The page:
We got back from the east coast the day before yesterday… I learned a lot on this adventure (get a portable charger, campgrounds are often more like trailer parks), got my Manhattan fix (actually I needed a lot more), and hit the beach. It was good to be with family, the kids even got along a lot of the time. Of course, it’s also stressful to be in someone else’s house and not have your own space!

You can look for my new blog posts at Across the Never Sky or follow the facebook page if you like your updates that way.

I came home to a to-do list a mile long: take cat to vet, fix paycheck error that resulted in not getting paid on time, go to various banks, M’s swim lesson, clean car, a million phone calls… I’m maybe halfway through it three days later.

Good news on the money saving front: I got my home and car insurance switched and that saved me $50 per month and got me better coverage. Switching my phone service saves me $100/month. So I’m making progress there. Unfortunately I had more set backs. My foot pain has returned with a vengeance so I had to invest in new Dansko shoes (I guess they wear out after a year and I’ve had mine nearly two). Last time I got new Dansko’s my foot pain completely disappeared… so I needed that. Also the portable charger, cause my phone dies all the time using camera and maps, the two things I need most when traveling. And the iPad charger pulled apart… so had to get a new one of those. The cat continues to need adjustments to her thyroid medication, and now her eye infection. Bah.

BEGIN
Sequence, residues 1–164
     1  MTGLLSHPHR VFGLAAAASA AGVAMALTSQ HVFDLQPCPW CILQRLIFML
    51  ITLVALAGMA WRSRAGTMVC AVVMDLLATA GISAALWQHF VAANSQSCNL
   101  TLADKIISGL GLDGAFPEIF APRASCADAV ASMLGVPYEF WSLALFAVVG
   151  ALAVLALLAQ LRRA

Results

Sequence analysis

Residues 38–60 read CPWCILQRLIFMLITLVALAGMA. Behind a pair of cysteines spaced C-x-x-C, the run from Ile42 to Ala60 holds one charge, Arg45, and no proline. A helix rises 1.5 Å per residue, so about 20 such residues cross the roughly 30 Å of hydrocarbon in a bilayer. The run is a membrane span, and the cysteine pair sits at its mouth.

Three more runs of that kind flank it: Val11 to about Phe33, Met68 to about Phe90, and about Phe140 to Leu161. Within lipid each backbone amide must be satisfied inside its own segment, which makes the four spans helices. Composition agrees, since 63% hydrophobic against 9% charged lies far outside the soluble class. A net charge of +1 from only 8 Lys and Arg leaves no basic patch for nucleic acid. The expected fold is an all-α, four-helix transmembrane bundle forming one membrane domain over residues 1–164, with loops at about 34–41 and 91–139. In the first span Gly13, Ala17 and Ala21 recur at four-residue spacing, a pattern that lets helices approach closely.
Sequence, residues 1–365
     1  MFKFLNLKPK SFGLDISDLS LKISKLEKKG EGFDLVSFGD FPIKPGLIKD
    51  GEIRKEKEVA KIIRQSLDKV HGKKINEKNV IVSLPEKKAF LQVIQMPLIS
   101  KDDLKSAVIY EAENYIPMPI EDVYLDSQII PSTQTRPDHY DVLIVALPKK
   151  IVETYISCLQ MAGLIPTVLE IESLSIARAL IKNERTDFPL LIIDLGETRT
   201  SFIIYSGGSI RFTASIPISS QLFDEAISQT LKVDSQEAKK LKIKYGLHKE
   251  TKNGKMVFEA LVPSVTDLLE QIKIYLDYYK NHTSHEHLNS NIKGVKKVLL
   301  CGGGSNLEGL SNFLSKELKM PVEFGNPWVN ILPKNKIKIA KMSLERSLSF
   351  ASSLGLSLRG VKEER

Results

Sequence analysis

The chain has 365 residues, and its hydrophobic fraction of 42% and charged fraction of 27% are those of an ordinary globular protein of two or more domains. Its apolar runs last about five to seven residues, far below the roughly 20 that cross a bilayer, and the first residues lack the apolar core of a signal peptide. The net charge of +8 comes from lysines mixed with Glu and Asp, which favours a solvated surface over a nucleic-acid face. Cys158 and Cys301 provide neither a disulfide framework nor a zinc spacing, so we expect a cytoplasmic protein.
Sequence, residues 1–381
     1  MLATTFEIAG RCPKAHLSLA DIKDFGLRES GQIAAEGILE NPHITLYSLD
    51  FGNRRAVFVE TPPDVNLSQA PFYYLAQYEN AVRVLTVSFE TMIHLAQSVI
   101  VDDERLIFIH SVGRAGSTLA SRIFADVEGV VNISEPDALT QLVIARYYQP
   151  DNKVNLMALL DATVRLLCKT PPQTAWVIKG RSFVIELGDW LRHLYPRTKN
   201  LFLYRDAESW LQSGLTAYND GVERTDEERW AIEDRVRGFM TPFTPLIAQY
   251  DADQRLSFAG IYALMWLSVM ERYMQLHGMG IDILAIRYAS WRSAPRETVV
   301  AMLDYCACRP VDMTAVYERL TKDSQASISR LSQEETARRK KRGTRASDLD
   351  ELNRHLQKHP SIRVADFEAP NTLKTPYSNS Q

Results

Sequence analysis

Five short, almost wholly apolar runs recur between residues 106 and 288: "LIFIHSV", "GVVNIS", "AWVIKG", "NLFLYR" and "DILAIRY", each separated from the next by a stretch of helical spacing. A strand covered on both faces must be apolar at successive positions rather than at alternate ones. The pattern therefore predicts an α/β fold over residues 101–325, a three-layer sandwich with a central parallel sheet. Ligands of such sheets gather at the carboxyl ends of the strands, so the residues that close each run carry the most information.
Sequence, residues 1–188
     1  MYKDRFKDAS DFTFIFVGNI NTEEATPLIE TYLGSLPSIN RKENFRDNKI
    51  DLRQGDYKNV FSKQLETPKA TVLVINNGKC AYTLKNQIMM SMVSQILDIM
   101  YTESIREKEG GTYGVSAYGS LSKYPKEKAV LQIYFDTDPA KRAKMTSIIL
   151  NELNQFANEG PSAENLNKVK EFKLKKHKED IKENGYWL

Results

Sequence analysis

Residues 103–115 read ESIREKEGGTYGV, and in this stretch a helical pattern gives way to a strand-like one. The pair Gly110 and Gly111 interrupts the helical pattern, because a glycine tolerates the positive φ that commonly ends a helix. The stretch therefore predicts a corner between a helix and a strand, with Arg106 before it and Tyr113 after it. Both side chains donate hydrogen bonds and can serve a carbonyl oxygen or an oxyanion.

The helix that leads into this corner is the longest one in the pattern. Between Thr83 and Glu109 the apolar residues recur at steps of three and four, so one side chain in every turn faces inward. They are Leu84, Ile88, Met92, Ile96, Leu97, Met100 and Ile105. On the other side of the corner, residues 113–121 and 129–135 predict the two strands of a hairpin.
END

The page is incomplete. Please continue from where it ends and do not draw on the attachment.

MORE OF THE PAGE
Also, M did NOT miss school. She didn’t ask about it once, even when her cousin playmate went off to his first day of school on Tuesday. This morning she asked where we were going, and when I told her she was going to school, she looked shocked: “I don’t wanna go to school, mom!” I felt icky about sending her. She will be fine there of course, and I had to work a short shift this afternoon so she did need to go, but it made me feel better about her not going after we leave this state. She honestly doesn’t love it. She doesn’t miss it. And she doesn’t need it to learn. She needs a safe place that provides lots of creative and learning opportunities when I work, though, rather than just staying home with a screen and grandma, so she still goes for now.